Autonomous Flight Demo with CMU AirLab #ICRA2022 with Sebastian Scherer

CMU Airlab         
24 May 2022

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Sebastian Scherer from CMU’s Airlab gives us a behind-the-scenes demo at ICRA of their Autonomous Flight Control AI. Their approach aims to cooperate with human pilots and act the way they would.

The team took this approach to create a more natural, less intrusive process for co-habiting human and AI pilots at a single airport. They describe it as a Turing Test, where ideally the human pilot will be unable to distinguish an AI from a person operating the plane.

Their communication system works parallel with a 6-camera hardware package based on the Nvidia AGX Dev Kit. This kit measures the angular speed of objects flying across the videos.

In this world, high angular velocity means low risk — since the object is flying at a fast speed perpendicular to the camera plane.

Low angular velocity indicates high risk since the object could be flying directly at the plane, headed for a collision.



Sebastian Scherer:[00:00:00] So, so what do you see here? So we have the, uh, pilot, which is, Ian, and then, uh, this is essentially the AI and then we’ll set them up so that we have a situation where, uh, the human and the AI are going to converge at an airport. And then, uh, uh, um, so you’ll see what the AI is doing here and a view of the station, and then, uh, so we just restart the whole setup

and then, uh, Ian’s basically has a headset on where you can talk into for the voice recognition

Ok, now its reset. So you can see here, the human and AI are converging then this is what the algorithm is thinking, what a [00:01:00] human is gonna be doing and decisions, the AI’s exploring. And it’s trying to find the, find the best one. Can you do an announcement?

Pilot: Butler traffic sky hawk five sigma three, three miles from the south landing runway.

Sebastian Scherer:So he said he’s going to runway eight. And so once the system has, uh, understood this, then, um, now it is inferring what, uh, what, uh, Ian might be doing, which is running a runway eight. Um, and then, uh, the AI is gonna make it’s traffic call at some point, once it gets close enough.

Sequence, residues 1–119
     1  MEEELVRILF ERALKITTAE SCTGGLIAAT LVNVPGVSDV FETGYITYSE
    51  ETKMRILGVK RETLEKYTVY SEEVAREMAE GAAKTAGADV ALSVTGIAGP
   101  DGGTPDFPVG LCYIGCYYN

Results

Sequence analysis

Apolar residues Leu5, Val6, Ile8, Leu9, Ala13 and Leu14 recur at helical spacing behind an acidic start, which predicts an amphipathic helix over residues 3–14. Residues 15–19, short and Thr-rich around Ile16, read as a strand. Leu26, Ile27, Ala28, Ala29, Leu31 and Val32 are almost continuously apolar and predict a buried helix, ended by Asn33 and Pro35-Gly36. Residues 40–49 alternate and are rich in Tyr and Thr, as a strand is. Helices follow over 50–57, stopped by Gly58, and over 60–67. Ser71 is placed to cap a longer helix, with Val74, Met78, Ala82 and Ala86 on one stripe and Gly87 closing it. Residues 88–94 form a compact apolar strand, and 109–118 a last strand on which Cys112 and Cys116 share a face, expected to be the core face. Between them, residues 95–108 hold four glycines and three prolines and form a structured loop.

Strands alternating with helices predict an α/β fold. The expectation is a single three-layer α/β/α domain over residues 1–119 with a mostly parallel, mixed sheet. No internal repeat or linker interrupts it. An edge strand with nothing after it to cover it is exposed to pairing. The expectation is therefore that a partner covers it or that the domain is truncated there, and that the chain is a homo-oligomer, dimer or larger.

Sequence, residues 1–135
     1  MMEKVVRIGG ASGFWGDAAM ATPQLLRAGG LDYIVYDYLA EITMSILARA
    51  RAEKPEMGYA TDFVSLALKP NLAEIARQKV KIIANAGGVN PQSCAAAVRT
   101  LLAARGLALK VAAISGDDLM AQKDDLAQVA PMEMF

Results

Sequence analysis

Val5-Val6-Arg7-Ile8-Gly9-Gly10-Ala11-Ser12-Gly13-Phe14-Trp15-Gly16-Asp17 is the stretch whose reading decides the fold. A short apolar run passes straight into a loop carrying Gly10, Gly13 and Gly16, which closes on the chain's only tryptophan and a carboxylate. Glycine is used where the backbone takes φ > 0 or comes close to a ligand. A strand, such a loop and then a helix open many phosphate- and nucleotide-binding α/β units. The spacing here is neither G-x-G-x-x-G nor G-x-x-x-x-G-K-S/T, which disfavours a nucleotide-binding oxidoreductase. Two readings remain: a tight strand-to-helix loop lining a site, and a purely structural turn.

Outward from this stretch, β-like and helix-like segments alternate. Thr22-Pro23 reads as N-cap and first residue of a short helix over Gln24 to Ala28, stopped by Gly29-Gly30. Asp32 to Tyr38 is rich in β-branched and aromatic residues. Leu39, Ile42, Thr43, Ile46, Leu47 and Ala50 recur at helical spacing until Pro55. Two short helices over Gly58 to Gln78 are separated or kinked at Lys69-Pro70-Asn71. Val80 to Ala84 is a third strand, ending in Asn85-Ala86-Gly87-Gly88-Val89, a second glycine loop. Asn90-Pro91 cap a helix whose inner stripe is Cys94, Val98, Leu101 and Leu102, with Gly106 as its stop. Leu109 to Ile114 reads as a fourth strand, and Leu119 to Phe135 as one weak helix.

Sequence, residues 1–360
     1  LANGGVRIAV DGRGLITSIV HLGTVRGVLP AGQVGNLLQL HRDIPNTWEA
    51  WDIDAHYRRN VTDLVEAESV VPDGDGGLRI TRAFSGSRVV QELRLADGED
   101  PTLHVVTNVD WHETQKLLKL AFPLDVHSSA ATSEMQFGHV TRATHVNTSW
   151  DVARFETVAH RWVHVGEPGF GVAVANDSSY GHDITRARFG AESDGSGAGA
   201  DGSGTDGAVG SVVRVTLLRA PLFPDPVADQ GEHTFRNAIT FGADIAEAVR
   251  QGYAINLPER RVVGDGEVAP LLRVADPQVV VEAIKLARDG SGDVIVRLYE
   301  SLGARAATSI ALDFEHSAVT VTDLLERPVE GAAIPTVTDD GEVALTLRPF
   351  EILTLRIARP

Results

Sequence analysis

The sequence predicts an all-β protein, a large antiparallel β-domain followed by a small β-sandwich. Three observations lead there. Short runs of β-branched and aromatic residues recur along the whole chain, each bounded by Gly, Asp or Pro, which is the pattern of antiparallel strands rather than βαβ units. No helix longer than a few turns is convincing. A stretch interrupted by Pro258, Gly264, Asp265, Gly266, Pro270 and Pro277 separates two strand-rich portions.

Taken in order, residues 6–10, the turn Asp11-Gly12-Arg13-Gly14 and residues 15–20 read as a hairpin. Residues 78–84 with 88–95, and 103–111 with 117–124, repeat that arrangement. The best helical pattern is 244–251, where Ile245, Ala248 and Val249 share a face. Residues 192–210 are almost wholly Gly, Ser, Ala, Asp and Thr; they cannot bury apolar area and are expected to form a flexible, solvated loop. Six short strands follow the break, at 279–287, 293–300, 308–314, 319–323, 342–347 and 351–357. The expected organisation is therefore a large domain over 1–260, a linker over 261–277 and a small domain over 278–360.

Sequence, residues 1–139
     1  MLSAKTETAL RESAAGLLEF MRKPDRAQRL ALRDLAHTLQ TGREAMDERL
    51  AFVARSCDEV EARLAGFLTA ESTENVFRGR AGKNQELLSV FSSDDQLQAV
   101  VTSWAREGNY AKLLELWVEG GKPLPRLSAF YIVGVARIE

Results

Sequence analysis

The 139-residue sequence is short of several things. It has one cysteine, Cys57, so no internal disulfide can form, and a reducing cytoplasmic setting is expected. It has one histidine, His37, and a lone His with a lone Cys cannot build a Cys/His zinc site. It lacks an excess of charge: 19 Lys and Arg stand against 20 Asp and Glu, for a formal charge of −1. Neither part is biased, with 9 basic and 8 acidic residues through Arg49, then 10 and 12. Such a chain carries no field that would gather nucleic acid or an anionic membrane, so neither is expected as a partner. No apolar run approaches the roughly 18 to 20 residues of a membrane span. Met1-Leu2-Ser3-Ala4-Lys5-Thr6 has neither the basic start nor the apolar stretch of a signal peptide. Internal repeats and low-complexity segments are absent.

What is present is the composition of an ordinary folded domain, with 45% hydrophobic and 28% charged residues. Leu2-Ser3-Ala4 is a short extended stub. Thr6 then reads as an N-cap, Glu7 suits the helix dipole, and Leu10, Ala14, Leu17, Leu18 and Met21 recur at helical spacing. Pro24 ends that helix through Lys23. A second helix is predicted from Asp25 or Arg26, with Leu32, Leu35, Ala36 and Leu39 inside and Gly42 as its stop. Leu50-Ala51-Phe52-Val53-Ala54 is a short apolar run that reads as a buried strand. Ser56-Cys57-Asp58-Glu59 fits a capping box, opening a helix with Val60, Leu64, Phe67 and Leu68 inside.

So, so this is an an… just to clarify… so this is an [00:02:00] uncontrolled airport. So the way it works is pilots basically just announce where they are and what they want to do. Right. So there’s no tower or ATC it’s basically a, you know, it’s like, uh, you know, like in a..

AI: Butler SkyHawk traffic 7, 3, 7, 3 miles south 2,700 feet and bound runway "two six" low approach bundle.

Sebastian Scherer:I told her, AI said, okay, I’m going to come into runway "2, 6", to a low approach, and Ian’s going to do another call.

Pilot: Butler traffic Skyhawk, 5 7, 3, 2 miles to the south landing runway two, six

Sebastian Scherer:And so once it is passed it, it should switch to the other runway. So we don’t see the light change around. So now this is more of a standard traffic pattern. And then both of them are landing at, uh, at "two six". So he had the AI is kind of cutting in front of him because he thinks he is, uh, uh, he’s uh, he’s going to be [00:03:00] faster than, the human pilot.

Yeah, this is fine. As long as the safety is right. And so their behavior is done based on, uh, a lot of data that we collected at the airports to figure out how, uh, how people actually flying at these airports. And what we want to achieve is that the AI flies the same way that humans fly.

AI: Butler Traffic Skyhawk 7-3-7 turning down "two six" butler.

Sebastian Scherer:So the idea is that. You want to have this seamless operation, right. Instead of having like a UAV come in and it completely ignores, and it’s like, okay, I’m going to take my right and not care about anybody house flies, uh, in, uh, in a.